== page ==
Some parents find that teething biscuits to help babies bite, a cold spoon, or other familiar light chewables can help relieve teething pain. However, the best way to keep a teething baby hydrated, especially if there’s a concern about fewer wet diapers, is by breastfeeding or bottle-feeding more often and treating diarrhea if present.
Always consult a healthcare professional for advice on how to treat diarrhea in a baby. Don’t let symptoms persist for more than a day before seeking medical advice, as the cause might be different and require specific treatment.
Other Possible Causes of Diarrhea During Teething
While teething itself does not cause diarrhea, there are other factors that can contribute to it. It’s important to identify the underlying cause of your baby’s diarrhea to ensure proper treatment and care.
One possible cause of diarrhea during teething is a change in diet. As your baby starts to eat solid foods, their digestive system may need time to adjust. Introducing new foods or changing the frequency of feedings can also lead to loose stools.
Another possible cause of diarrhea during teething is a viral or bacterial infection. Babies are more susceptible to infections during teething due to increased drooling and putting objects in their mouth. Symptoms of an infection may include fever, vomiting, and dehydration. If you suspect your baby has an infection, it’s important to seek medical attention.
Certain medications, such as antibiotics or teething gels which alleviate teething pain, can cause diarrhea as a side effect. Always consult with your pediatrician before giving your baby any medication.
Prevention and Treatment
Preventing teething diarrhea is possible with some simple tips and teething remedies:
Wash your hands frequently and ensure that the baby’s toys are clean.
Do not allow your baby to put dirty objects in their mouth.
Offer your baby plenty of fluids to prevent dehydration.
Introduce new foods gradually to your baby’s diet and avoid foods that are known to cause diarrhea.
Keep your baby’s bottom clean and dry to prevent diaper rash.
If your baby gets teething diarrhea, the following treatment options may help:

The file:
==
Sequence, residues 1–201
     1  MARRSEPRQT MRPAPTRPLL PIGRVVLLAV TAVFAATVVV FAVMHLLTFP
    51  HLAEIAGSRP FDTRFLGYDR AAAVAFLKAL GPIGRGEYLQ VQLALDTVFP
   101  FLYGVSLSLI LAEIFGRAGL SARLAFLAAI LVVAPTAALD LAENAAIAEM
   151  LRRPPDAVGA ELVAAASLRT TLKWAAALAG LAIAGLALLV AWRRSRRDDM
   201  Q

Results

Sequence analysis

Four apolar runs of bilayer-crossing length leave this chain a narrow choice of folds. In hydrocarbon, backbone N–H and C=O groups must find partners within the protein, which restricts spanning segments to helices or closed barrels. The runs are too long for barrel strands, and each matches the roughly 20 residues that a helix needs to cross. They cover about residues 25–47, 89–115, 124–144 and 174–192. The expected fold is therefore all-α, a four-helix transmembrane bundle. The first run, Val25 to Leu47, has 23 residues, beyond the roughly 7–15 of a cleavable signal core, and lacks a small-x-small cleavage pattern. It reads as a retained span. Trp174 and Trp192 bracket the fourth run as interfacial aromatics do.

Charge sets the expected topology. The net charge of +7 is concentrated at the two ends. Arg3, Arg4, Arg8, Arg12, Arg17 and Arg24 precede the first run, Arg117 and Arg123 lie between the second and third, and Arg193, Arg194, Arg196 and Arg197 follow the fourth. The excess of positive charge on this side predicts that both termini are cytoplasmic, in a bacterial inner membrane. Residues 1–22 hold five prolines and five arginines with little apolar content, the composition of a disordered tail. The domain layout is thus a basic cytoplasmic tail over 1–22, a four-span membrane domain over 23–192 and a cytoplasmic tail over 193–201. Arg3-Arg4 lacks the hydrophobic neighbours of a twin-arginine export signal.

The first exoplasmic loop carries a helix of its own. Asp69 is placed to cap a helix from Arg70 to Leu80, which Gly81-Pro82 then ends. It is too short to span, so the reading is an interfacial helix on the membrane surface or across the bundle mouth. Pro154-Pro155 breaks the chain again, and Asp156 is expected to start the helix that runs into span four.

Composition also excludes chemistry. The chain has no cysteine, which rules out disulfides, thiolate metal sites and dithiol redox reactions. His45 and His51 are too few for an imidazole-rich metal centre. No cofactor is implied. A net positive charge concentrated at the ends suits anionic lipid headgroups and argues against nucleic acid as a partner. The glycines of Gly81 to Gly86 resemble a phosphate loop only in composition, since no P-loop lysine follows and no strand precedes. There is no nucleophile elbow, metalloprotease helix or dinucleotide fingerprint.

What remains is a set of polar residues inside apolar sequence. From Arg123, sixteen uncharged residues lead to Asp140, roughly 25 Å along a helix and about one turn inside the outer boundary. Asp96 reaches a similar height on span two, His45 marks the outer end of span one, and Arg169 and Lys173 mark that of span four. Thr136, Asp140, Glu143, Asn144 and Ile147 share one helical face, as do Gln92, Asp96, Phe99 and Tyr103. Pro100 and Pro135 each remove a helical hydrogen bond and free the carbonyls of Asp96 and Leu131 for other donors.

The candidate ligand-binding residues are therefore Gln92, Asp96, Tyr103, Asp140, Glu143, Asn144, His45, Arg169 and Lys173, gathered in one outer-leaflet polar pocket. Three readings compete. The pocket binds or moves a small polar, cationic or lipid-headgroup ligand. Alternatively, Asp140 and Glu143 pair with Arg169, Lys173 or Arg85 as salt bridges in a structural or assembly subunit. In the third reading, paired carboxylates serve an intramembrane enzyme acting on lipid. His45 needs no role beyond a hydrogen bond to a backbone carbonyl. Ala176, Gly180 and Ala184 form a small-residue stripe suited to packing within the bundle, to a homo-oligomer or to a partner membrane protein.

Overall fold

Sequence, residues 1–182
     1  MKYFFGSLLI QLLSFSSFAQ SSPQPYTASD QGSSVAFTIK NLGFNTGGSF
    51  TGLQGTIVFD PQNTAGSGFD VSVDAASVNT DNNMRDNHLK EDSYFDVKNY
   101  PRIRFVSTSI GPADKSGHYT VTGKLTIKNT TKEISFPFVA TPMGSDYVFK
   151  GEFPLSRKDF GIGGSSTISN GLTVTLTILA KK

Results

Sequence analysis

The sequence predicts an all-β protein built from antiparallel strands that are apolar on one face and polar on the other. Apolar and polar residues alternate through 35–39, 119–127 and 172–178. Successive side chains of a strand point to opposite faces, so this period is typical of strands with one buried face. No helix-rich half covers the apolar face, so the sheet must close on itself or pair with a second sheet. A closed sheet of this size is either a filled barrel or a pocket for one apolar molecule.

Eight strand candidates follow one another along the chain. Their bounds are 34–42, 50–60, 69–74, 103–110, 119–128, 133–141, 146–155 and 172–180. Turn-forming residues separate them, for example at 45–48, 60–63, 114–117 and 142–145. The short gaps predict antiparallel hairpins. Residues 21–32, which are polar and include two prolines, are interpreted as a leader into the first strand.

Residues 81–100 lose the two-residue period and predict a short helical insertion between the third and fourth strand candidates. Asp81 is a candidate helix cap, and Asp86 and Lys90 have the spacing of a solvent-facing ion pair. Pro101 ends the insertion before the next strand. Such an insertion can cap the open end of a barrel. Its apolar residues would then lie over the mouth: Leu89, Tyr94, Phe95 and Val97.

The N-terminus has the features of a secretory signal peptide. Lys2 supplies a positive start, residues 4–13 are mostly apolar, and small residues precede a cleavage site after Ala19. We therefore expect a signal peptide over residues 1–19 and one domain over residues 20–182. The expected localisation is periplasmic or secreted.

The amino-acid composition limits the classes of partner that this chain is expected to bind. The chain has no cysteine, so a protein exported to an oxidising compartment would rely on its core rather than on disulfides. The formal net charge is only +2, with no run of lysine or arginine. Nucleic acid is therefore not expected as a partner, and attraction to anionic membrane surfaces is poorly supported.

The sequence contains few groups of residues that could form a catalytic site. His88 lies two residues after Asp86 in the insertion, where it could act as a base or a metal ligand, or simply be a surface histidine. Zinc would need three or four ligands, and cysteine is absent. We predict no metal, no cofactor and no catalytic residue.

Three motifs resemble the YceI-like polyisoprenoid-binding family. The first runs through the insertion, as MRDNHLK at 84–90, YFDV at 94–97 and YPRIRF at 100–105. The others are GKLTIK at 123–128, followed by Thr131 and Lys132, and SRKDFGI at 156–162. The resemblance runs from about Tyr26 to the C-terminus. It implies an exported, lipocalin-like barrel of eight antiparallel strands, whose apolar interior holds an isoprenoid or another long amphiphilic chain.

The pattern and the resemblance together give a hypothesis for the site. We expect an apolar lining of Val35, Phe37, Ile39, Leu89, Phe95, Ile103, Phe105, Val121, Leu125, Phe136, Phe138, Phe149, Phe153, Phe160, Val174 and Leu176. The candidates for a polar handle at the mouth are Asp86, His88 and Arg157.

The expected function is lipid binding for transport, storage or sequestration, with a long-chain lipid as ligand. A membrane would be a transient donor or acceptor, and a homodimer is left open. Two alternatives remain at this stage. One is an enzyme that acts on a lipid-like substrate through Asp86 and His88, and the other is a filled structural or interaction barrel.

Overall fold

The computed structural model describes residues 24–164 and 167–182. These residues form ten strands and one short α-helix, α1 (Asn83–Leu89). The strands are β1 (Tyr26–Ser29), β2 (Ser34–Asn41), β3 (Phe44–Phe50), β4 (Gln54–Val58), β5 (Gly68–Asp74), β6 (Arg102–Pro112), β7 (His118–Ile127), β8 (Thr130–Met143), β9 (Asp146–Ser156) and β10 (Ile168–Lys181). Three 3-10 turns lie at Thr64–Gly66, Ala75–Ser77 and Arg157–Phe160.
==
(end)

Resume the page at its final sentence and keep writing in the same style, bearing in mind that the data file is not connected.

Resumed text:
Oral Rehydration Solution (ORS)
ORS helps to replace lost fluids and electrolytes due to diarrhea. It is available over the counter and can be given to babies as young as 2 months old.
Probiotics are beneficial bacteria that can help restore the balance of gut flora. They are available in supplement form or in certain foods like yogurt.
Medications like loperamide should only be given to babies under the guidance of a pediatrician.
Changing your baby’s diet can help alleviate diarrhea. For example, giving your baby more starchy foods like rice, bananas, and potatoes can help firm up stools.
FAQS on Teething Causing Diarrhea
How long does teething diarrhea last?
Teething diarrhea usually lasts for a few days, but it can vary from baby to baby. If the diarrhea persists for more than a week or if it is accompanied by other concerning symptoms, consult your pediatrician.
How do you stop teething diarrhea?
To help manage teething diarrhea, ensure your baby stays hydrated by offering small amounts of water, breast milk, or formula more frequently. Avoid giving fruit juices, as they can worsen diarrhea. Consult your pediatrician before using any medication or over-the-counter remedies for diarrhea.
Can teething cause stomach pain and diarrhea?
While teething is not a direct cause of stomach pain and diarrhea, some babies may experience these symptoms due to excessive drooling and swallowing more saliva than usual. This can lead to an upset stomach and looser stools as well as a runny nose, a low grade fever and very sensitive gums.
Can teething cause digestive issues?
Teething itself does not typically cause digestive issues. However, as mentioned earlier, excessive drooling and swallowing saliva can lead to an upset stomach and looser stools in some babies. If your baby experiences persistent or severe digestive issues, consult your pediatrician.
Why do babies get diarrhea when teething?
The exact reason why some babies may experience diarrhea when teething is not entirely clear. One theory is that the increased saliva production and swallowing during teething can lead to an upset stomach and looser stools.
Another possibility is that the baby’s immune system is slightly weakened during teething, making them more susceptible to minor infections that can cause diarrhea. If your baby’s diarrhea lasts for more than a week or is accompanied by other concerning symptoms, consult your pediatrician.